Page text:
Then 11, the rising middle-schooler became the third youngest player in the 100-plus year history of the tournament, thrusting her into the national spotlight.
“I remember there being a camera in my face all the time and people coming up to me asking if I was the 11-year-old,” said Clemente, who shot 80-81 and missed the cut in her first USGA championship event. “It was definitely a new experience. I didn’t really know what was going on. I had no idea what I was doing.”
On Monday, the 14-year-old Estero resident is returning to the U.S. Women’s Am, set for Chambers Bay in University Place, Washington, where she’ll still be one of the field’s youngest players. Now, however, it’s her game, not her age, that’s attracting attention.
Clemente has finished fourth or better in five tournaments so far in 2022. That includes runner-up finishes at the Girls Rolex Championship in June and two weeks ago at the U.S. Girls Junior Championship.
That performance at the Girls’ Junior left Clemente pleasantly surprised and ultimately disappointed. With little experience in match play, she freely admitted she didn’t expect to string together the five consecutive head-to-head victories that put her into the championship round against a former playing partner, Yana Wilson of Henderson, Nevada.
In the final 36-hole match, Clemente was 1-up after 26 holes but saw Wilson win four of the next eight holes to claim the title.
— USGA (@USGA) July 23, 2022
“It’s a little disappointing to make it that far and come up just short,” said Clemente, who as of last week was No. 123 in the Women's World Amateur Golf Rankings. “But looking back on it now, even though it still hurts, you just have to take out the positives. I didn’t think I would make it as far as I did, and I can’t really complain about winning five matches. I played good golf and I had a really great time and that’s all that matters.”
Naples golf instructor Spencer Graham, who’s been Clemente’s swing coach for seven years, said she’s just starting to learn how good a golfer she can be.
“At times, she still doesn’t believe it,” said Graham, who operates his Junior Golf Performance Academy out of Quail Creek Country Club. “She’s still insecure as to how good she really is. In some ways, that’s a good thing because it drives her. She’s got that x-factor that very, very few players have.”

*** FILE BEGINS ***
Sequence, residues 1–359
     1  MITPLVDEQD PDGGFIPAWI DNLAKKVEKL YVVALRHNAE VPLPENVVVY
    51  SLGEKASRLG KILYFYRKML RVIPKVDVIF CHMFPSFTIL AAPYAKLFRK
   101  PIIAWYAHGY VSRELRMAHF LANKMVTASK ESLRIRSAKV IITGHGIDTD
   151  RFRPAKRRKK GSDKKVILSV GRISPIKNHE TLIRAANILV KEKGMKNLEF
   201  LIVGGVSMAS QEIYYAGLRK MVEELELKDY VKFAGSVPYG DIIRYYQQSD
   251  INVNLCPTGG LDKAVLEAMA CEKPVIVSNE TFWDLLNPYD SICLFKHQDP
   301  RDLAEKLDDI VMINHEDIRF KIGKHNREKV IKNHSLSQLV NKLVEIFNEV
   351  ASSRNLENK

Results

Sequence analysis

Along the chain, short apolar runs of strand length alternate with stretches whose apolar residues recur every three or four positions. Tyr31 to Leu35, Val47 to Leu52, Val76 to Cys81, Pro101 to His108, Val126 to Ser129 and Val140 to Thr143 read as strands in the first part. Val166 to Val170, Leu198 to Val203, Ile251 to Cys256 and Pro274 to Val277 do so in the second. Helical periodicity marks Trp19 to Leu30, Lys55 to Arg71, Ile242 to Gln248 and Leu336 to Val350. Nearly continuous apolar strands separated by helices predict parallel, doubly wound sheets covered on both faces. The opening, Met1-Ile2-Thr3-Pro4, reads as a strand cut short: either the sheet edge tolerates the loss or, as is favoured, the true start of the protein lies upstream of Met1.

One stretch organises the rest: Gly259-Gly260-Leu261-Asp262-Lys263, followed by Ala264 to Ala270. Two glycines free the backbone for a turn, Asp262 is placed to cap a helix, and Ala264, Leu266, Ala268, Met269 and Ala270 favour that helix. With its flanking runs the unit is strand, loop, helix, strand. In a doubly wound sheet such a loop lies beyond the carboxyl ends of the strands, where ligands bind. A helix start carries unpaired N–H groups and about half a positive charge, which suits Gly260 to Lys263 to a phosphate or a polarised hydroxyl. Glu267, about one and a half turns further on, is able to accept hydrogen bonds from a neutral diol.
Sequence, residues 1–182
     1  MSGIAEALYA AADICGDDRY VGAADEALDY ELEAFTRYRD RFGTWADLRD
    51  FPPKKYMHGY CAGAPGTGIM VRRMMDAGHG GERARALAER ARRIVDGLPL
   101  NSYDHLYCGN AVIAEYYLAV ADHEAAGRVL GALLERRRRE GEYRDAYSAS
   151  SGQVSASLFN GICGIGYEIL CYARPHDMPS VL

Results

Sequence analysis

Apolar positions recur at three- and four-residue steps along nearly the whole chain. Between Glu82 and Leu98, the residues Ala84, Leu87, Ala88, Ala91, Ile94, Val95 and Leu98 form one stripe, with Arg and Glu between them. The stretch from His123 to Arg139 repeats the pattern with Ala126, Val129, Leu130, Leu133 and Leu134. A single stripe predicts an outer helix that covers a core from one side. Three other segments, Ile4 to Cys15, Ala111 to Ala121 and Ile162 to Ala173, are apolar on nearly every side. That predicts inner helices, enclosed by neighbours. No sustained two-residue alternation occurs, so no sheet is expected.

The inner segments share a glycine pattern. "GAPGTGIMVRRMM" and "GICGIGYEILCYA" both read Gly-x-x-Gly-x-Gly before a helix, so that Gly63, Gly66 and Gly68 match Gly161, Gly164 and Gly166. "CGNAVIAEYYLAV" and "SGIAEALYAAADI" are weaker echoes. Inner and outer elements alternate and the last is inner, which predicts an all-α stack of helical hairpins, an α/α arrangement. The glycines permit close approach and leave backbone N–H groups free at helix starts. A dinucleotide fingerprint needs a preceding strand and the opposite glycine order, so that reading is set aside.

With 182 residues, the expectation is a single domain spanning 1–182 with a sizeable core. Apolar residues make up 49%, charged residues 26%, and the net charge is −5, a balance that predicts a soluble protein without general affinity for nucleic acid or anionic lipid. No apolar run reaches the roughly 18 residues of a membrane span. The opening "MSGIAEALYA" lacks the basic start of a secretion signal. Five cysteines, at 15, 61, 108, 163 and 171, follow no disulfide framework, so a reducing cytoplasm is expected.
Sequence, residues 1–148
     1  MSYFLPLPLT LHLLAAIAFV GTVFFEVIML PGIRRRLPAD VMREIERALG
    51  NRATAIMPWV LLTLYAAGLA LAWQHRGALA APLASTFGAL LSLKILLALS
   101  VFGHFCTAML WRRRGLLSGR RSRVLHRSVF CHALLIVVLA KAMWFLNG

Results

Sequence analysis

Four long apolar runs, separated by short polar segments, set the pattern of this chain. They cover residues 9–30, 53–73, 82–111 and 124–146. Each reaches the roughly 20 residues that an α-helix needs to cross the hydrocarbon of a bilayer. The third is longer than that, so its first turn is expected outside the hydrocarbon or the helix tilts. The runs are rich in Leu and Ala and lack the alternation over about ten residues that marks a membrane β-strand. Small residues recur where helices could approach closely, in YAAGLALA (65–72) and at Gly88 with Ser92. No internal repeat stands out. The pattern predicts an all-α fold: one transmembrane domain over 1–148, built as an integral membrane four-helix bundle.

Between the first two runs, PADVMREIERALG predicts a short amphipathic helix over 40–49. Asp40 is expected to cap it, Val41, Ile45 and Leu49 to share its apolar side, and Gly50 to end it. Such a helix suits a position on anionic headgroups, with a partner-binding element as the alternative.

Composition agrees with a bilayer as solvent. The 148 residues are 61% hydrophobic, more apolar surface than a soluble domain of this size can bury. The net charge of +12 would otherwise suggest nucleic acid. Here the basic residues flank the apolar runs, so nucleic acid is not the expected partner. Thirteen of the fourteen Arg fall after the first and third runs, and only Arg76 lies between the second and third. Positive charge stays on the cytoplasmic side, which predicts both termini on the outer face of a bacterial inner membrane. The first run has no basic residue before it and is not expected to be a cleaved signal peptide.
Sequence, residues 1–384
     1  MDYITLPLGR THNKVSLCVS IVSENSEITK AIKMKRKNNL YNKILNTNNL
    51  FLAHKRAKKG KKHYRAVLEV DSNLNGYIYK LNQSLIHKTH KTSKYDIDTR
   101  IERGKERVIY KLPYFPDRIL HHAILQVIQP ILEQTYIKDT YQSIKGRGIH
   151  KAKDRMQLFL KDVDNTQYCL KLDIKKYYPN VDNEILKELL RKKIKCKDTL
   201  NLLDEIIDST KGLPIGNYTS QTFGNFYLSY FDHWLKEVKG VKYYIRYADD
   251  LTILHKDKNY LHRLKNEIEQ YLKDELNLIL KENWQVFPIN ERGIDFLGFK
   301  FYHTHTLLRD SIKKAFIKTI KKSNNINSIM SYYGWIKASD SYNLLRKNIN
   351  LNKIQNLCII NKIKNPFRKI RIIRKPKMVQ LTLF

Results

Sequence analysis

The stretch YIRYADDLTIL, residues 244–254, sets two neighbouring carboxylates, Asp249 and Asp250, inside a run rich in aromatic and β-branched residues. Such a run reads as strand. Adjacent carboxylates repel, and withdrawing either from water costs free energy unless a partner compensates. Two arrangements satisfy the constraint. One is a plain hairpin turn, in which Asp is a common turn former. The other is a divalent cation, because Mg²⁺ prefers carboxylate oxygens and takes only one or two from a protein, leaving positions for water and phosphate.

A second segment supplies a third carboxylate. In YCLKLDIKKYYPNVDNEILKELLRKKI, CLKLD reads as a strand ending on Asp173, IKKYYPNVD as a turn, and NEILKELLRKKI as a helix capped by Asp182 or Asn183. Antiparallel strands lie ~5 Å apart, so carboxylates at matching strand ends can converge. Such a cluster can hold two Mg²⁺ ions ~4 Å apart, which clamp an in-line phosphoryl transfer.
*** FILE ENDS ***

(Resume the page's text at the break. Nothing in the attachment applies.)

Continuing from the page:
Graham said he gets dozens of calls each week from the nation’s top college coaches about Clemente, who won’t start high school until this fall.
“When you have that much early success it certainly isn’t an easy thing,” he said. “It takes a great deal of balance and staying focused, not trying to get ahead of yourself. It’s a long-term process.”
What helps that process is the relationship that exists between Graham, Clemente, and Clemente’s father Patrick, a former golfer at Youngstown State who is his daughter’s primary golf coach. In fact, the prevailing reason the family now spends the majority of the year in Southwest Florida is for Gianna to be able to spend more time honing her swing with Graham.
“We all work as a team,” Clemente said. “It’s not just my swing coach and just my dad. They’re both my coaches so it’s nice to have both of them around.”
Like the U.S. Junior, the Women’s Am employs a match play format, which can make setting expectations a futile endeavor due to the uncertainty of head-to-head play. However, Clemente said her recent success along with her previous turn in the tournament’s spotlight should help her this week.
“When I was 11, I wasn’t really focused about place or making the cut or winning matches or whatever. I just was there and that was good enough.
“We’ll see what happens. But now I’m definitely looking to do a little bit more than just be there.”
Connect with Dan DeLuca: @News-PressDan (Twitter), firstname.lastname@example.org.
This article originally appeared on Naples Daily News: US Women's Amateur Championship: Gianna Clemente looks to make history again